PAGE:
How often do you get the itch to acquire a new e-device? Is it when the new iPhone comes out? When you’ve had your device for two years and you no longer feel hip? Is it when your device just starts lagging, or are you the type of person who needs to completely break a phone before you even think about buying a new one?
Modern e-devices aren’t being made to stick around for too long. A report from Recon Analytics said Americans replaced cell phones, on average, about every two years in 2010 (every 21.7 months). The good news is that’s down from 18.7 months in 2007
. Even better, the replacement cycle was at 22.4 months in 2014 and is expected to climb to around 30 months by 2016
. But that’ll still be every two and a half years that we’ll start itching for a new cell phone.
Tablet computers sit somewhere between smart phones and laptops. Gizmodo ran an editorial
that contended people usually want to replace laptops every three years, but that may be too long for a tablet computer, since they run on libraries of ever-changing apps. Although, a study last year
said iPads can get replaced like a Mac (two to four years) or sometimes even a TV (five to 10 years).
And while PCs have a longer shelf life, they are still subject to disposability. The State of Texas stated that it costs 59 percent more
to support an older, outdated PC. The common number at which replacing your desktop computer becomes a consideration, if not an actuality, is usually three to four years, five on the conservative end
Then there are the popular opinion and popular advice we all live by. PC Magazine recommended
replacing a smartphone no more than every two years (so still sticking us in around the every-two-year rut). It says no sooner than two years and whenever you want after five years for laptops. But desktops still carry the most versatility time-wise. Desktops can run well past five years, if you have a good machine with expansion capabilities.
But there’s still the ever-present conundrum. We want to reduce e-waste, and one of the best ways to do that is to keep our devices longer, but we’re stuck in this cycle of needing to upgrade because our devices become obsolete. Almost as if it’s planned.
Is planned obsolescence so bad?The Economist
defined planned obsolescence as, “A business strategy in which the obsolescence (the process of becoming obsolete – that is, unfashionable or no longer usable) of a product is planned and built into it from its conception. This is done so that in future the consumer feels a need to purchase new products and services that the manufacturer brings out as replacements for the old ones.”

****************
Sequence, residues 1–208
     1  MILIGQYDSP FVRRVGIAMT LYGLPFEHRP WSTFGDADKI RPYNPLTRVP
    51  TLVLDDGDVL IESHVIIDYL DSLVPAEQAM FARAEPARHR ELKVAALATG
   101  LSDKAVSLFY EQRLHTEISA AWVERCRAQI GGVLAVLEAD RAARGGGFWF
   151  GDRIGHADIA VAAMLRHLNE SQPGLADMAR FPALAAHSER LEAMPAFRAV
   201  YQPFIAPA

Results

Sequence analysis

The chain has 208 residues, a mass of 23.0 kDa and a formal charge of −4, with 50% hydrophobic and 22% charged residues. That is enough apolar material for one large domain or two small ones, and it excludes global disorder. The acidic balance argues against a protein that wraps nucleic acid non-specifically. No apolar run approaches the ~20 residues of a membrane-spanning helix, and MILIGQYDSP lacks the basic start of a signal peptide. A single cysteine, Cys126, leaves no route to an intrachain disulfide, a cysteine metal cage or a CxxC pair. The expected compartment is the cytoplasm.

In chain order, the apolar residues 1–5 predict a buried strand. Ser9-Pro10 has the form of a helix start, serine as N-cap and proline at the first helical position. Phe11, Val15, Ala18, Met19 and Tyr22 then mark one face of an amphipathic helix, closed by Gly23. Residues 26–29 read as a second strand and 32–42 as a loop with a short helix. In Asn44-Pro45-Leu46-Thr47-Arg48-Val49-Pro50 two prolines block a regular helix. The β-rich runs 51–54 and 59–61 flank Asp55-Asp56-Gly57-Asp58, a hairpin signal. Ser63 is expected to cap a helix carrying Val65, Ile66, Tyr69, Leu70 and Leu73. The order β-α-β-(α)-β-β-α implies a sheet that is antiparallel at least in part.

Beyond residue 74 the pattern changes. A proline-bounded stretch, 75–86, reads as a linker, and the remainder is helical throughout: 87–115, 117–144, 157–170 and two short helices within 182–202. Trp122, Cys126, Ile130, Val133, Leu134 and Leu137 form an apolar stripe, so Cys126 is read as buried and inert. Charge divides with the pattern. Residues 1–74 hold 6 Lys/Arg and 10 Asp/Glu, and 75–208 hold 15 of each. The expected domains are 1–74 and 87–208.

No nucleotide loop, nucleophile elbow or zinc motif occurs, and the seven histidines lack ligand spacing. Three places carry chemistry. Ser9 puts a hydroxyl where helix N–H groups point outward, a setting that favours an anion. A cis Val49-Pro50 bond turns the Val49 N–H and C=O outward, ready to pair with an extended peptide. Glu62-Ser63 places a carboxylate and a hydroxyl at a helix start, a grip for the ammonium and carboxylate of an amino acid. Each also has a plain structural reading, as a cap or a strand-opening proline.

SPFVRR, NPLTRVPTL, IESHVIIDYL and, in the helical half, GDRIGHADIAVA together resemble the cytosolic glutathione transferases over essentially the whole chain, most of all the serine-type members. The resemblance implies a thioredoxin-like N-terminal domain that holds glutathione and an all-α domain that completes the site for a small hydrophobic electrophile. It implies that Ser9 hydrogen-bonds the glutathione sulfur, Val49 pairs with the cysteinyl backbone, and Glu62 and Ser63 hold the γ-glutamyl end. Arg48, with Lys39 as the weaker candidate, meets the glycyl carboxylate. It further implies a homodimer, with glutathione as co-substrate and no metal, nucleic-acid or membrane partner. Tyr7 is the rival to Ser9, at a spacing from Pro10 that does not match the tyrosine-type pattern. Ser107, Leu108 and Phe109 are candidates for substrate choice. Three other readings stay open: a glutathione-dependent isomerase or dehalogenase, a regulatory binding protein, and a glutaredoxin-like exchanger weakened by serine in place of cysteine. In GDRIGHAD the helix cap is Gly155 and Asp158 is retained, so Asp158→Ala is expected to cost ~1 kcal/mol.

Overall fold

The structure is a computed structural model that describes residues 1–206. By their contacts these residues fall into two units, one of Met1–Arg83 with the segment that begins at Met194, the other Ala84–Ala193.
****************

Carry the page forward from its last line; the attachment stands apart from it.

Some people argue planned obsolescence is not even necessarily a bad thing. It’s merely the product of a free market in a capitalist society, which is doing its best to get the newest fun toy out to the consumer. If we never wanted to upgrade our devices and get the newest toy, we’d still be watching black and white analog TV while we chilled our drinks in underground root cellars and thought hula-hoops were as fun as fun could get.
On the other hand, have we gone too far with our need to have a new gadget in our hands every two years? After all, e-waste keeps mounting. We made 41.8M metric tons of it in 2014, according to a report by the UN
, and it happens to be the fastest growing waste stream in the world.
Not all of us think we’re all winners in an economy that can’t stop making things just for the sake of it. The Guardian
ran an editorial last spring that said “we’re all losers” in a system with planned obsolescence. The editorial stated our current model doesn’t promote companies to provide us with better products. Instead, we end up with devices that we can’t take in for basic repairs anywhere or even get the screws off of to change the batteries
. If we have trouble with a device, we just have to get rid of it, in most cases.
So are we all slaves to a system that refuses to let us hold our own purchasing destiny? Not always.
How to keep a device longer
There are several ways we can make our devices last a bit longer and educate others to care for their own devices. Consumer Reports offered some good advice
The first point is that our products are not necessarily breaking faster. While our older gadgets tend to not be too friendly towards new updates or general trends, there is still not a little self-destruct sequence built into your laptop. In January 2014, Consumer Reports stated, “Laptops had a repair rate of 24 percent, down from 36 percent in 2010; the LCD TV repair rate is 7 percent, down from 15 percent. So why does it seem like things don’t last as long as they used to? Because when products do break, it’s memorable. They stop working altogether (53 percent) or work poorly (32 percent).”
The key is to start thinking long-term right at the shopping process. Avoid those cheap products that aren’t made with longevity and quality production in mind. Check out Consumer Reports assessments before shopping. And stick to brands that are known for longevity in general.
The Simple Dollar
also gave some great tips for not falling into the zombie-consumer trap. The best tactic is to resist buying something because it’s new and shiny. Instead, buy something that is “task-focused.” Decide what you need a device to do, and shop according to those criteria. Deciding you might want a device to do something one day down the road is how we all end up in line for something we don’t need while our current device still works. A good rule of thumb is that if a device is working for you, keep it.
And, of course, when a device is rendered obsolete and needs to be replaced, remember to get the word out about recycling that e-device